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Ford, Chevy, Chrysler muscle up

New models of Mustang, Camaro, Challenger start simultaneously this season for first time in decades

Friday, Mar 27, 2009

Stoplights will get a lot more interesting this spring.

For the first time in decades, the Ford Mustang, Chevrolet Camaro and Dodge Challenger will face off head-to-head-to-head as new models.

General Motors has begun building the 2010 Camaro at its Oshawa Car Assembly plant in Canada. Ford is rolling out redesigned 2010 Mustangs from its assembly plant in Flat Rock, Mich., and Chrysler LLC's Dodge brand will introduce new retro colors such as B-5 blue for Challengers built at the Brampton Assembly Plant in Ontario.

The last time these were true muscle cars at the same time was in 1974, when Blazing Saddles was in theaters, Hank Aaron still trailed Babe Ruth in total home runs at the start of the season and President Richard M. Nixon was battling the Watergate scandal.

While a dismal year for auto sales has been forecast by industry analysts and manufacturers for 2009, these three vehicles could help Detroit build up the inexpensive sports car segment with new customers who rode the popularity wave of big pickups and SUVs but now want something that's stylish, fun to drive and good with gasoline.

''These are the people who the only thing they put in their pickup bed is a bed liner,'' said Jim Hall, an analyst at 2953 Analytics in Birmingham. ''It may not sound like a lot of buyers, but it's more than you think.''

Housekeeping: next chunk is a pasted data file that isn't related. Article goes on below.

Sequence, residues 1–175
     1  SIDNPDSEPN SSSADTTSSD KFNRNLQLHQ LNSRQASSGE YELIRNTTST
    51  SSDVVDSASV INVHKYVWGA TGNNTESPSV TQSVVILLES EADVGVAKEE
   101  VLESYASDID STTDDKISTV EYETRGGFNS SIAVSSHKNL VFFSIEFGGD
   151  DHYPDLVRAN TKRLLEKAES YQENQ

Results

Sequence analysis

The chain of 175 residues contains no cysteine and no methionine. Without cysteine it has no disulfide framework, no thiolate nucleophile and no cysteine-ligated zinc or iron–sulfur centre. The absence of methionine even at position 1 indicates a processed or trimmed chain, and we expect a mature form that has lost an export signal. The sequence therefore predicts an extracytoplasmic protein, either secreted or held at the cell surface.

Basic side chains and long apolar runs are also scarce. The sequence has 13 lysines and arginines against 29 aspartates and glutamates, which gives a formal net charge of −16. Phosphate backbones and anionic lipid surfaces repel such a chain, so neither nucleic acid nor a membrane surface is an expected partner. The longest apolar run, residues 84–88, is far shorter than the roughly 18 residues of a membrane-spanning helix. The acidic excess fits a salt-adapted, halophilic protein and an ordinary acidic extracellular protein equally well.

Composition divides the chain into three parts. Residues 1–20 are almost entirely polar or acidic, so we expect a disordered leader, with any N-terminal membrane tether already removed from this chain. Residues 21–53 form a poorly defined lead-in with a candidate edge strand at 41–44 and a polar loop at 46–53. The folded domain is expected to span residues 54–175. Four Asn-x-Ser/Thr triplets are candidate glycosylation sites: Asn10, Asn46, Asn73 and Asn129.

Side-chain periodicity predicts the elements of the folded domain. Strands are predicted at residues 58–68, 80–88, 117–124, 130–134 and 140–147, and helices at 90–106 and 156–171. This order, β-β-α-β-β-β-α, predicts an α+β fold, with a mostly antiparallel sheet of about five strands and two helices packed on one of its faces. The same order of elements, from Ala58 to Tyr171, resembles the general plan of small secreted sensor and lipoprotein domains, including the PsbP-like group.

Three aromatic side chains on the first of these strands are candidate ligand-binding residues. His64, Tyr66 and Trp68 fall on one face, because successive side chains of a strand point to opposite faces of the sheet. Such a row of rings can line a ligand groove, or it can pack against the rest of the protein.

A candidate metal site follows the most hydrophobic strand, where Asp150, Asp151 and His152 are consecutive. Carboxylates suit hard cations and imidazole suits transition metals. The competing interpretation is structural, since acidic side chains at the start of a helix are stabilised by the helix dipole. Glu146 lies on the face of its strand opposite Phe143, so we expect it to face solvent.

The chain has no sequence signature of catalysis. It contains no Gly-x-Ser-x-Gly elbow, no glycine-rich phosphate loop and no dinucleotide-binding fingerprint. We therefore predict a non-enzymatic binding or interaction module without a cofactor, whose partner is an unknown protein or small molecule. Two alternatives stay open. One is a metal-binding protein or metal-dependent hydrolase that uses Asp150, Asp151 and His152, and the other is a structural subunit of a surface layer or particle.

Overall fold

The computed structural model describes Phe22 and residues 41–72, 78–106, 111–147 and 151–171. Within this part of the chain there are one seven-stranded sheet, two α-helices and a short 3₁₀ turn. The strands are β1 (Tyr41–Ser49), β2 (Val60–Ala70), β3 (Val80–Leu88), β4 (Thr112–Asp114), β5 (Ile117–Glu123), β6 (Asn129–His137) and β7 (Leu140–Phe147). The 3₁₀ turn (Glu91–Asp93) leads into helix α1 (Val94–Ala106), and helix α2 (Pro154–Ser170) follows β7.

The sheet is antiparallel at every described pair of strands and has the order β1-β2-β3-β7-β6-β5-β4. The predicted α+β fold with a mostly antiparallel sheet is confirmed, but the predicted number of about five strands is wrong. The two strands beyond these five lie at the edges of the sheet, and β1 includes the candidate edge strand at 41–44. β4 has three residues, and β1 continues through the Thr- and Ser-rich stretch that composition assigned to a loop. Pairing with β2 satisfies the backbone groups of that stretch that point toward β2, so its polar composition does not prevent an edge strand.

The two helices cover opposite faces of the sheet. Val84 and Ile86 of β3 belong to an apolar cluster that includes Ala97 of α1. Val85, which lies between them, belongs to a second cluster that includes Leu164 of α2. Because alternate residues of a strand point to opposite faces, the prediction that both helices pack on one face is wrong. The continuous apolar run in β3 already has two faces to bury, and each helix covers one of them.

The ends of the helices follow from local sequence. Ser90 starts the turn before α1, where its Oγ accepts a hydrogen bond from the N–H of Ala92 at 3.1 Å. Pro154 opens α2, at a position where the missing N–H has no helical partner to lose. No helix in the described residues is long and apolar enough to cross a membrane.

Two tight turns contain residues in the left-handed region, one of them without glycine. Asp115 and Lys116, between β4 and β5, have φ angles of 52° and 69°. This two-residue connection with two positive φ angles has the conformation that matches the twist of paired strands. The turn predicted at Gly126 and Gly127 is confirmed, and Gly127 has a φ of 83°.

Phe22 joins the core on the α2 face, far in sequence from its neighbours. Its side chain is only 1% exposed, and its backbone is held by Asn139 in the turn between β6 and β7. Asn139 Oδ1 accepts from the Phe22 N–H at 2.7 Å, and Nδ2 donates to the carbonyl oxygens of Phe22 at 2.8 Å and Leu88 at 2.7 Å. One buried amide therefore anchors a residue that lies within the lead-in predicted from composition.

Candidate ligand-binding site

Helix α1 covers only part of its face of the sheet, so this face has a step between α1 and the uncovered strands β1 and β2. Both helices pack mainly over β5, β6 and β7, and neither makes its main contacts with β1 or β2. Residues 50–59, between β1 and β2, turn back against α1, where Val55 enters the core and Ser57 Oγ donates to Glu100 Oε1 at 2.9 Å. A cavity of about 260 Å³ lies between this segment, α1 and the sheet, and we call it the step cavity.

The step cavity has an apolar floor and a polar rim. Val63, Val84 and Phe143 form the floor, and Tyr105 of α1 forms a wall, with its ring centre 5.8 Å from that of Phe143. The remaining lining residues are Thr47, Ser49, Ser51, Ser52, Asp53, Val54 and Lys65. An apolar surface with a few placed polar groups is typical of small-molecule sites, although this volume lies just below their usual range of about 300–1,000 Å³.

The key to this year's race might not be the big V-8 buyers, who tend to be enthusiasts and loyal to a particular brand, but rather the V-6 customers jumping into a pony car for the first time.

''The real Mopar guy is not going to buy a Mustang and Chevy fans are not driving around in Challengers,'' said Mike Accavitti, the director of Dodge. ''We're fighting for the guys and gals who don't have a brand allegiance.''

It's a fight Chevrolet and Ford

''The people we're going for are passionate drivers,'' said Karen Rafferty, Chevrolet's director of product marketing. In particular, Rafferty said, Chevrolet wants to target women and import sports car buyers such as those driving the Nissan 350Z and Infiniti G35. She said the Camaro will have one competitive advantage over Dodge and Ford: It will have the highest gas mileage.

The Camaro's 3.6-liter V-6 direct injection model is expected to achieve at least 27 miles per gallon on the highway, GM says.

But the new Mustang is only 1 mpg off that mark, said Mike Crowley, marketing manager for Ford's cars.

Mustang has a distinct advantage over the Challenger and Camaro because there is a convertible model.

Chevrolet has not announced if it will build a drop-top Camaro, though it has shown a concept version of it. Dodge has ruled out making a convertible.

No one expects the glory days of muscle cars to return. In 1974, the year Dodge ended production of its Challenger, Ford sold 285,864 Mustang IIs, Chevrolet sold 135,780 Camaros and Dodge sold 14,243 Challengers, according to Wards Automotive Yearbook.

Bringing back a muscle car is not without risk. GM attempted to resurrect the Pontiac GTO in 2004 but the car never caught consumers' imagination the way the Challenger did last year or the launch of the Camaro has. - Ford, Chevy, Chrysler muscle up
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